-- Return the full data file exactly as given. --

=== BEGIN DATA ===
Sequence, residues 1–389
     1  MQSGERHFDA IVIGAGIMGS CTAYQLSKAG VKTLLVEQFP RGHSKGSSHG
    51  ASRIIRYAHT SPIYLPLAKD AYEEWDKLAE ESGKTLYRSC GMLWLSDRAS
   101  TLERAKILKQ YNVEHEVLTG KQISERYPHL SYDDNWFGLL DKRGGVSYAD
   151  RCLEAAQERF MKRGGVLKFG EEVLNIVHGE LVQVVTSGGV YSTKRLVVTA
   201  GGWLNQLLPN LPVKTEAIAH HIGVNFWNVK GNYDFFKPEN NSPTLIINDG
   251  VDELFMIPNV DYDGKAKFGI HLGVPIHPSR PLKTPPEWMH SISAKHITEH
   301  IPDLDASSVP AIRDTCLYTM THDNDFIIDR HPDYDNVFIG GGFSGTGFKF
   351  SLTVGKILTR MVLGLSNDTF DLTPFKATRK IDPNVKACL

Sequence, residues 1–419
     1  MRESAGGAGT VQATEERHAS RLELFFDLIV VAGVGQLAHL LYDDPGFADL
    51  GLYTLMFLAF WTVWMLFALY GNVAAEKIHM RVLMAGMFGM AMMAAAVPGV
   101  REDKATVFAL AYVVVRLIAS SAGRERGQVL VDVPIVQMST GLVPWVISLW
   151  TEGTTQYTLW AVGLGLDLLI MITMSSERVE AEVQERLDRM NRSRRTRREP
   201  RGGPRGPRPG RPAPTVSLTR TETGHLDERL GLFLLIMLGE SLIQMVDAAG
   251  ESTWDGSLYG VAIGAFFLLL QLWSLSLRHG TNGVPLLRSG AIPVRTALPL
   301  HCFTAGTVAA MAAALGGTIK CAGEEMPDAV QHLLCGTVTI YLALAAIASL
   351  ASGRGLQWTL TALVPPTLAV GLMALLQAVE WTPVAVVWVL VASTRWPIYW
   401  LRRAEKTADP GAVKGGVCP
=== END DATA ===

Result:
Sequence, residues 1–389
     1  MQSGERHFDA IVIGAGIMGS CTAYQLSKAG VKTLLVEQFP RGHSKGSSHG
    51  ASRIIRYAHT SPIYLPLAKD AYEEWDKLAE ESGKTLYRSC GMLWLSDRAS
   101  TLERAKILKQ YNVEHEVLTG KQISERYPHL SYDDNWFGLL DKRGGVSYAD
   151  RCLEAAQERF MKRGGVLKFG EEVLNIVHGE LVQVVTSGGV YSTKRLVVTA
   201  GGWLNQLLPN LPVKTEAIAH HIGVNFWNVK GNYDFFKPEN NSPTLIINDG
   251  VDELFMIPNV DYDGKAKFGI HLGVPIHPSR PLKTPPEWMH SISAKHITEH
   301  IPDLDASSVP AIRDTCLYTM THDNDFIIDR HPDYDNVFIG GGFSGTGFKF
   351  SLTVGKILTR MVLGLSNDTF DLTPFKATRK IDPNVKACL

Sequence, residues 1–419
     1  MRESAGGAGT VQATEERHAS RLELFFDLIV VAGVGQLAHL LYDDPGFADL
    51  GLYTLMFLAF WTVWMLFALY GNVAAEKIHM RVLMAGMFGM AMMAAAVPGV
   101  REDKATVFAL AYVVVRLIAS SAGRERGQVL VDVPIVQMST GLVPWVISLW
   151  TEGTTQYTLW AVGLGLDLLI MITMSSERVE AEVQERLDRM NRSRRTRREP
   201  RGGPRGPRPG RPAPTVSLTR TETGHLDERL GLFLLIMLGE SLIQMVDAAG
   251  ESTWDGSLYG VAIGAFFLLL QLWSLSLRHG TNGVPLLRSG AIPVRTALPL
   301  HCFTAGTVAA MAAALGGTIK CAGEEMPDAV QHLLCGTVTI YLALAAIASL
   351  ASGRGLQWTL TALVPPTLAV GLMALLQAVE WTPVAVVWVL VASTRWPIYW
   401  LRRAEKTADP GAVKGGVCP